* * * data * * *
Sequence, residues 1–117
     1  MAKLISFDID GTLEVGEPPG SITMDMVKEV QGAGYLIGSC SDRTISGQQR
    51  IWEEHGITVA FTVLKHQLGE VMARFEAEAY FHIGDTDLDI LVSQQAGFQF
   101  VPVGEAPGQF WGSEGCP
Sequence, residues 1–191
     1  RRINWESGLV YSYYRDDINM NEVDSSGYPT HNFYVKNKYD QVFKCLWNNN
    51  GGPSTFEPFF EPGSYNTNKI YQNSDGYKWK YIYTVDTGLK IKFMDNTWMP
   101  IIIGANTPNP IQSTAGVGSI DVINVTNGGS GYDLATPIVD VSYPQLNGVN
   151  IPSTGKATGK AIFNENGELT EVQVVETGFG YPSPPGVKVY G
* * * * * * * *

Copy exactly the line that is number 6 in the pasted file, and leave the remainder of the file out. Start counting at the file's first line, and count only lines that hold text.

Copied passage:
     1  RRINWESGLV YSYYRDDINM NEVDSSGYPT HNFYVKNKYD QVFKCLWNNN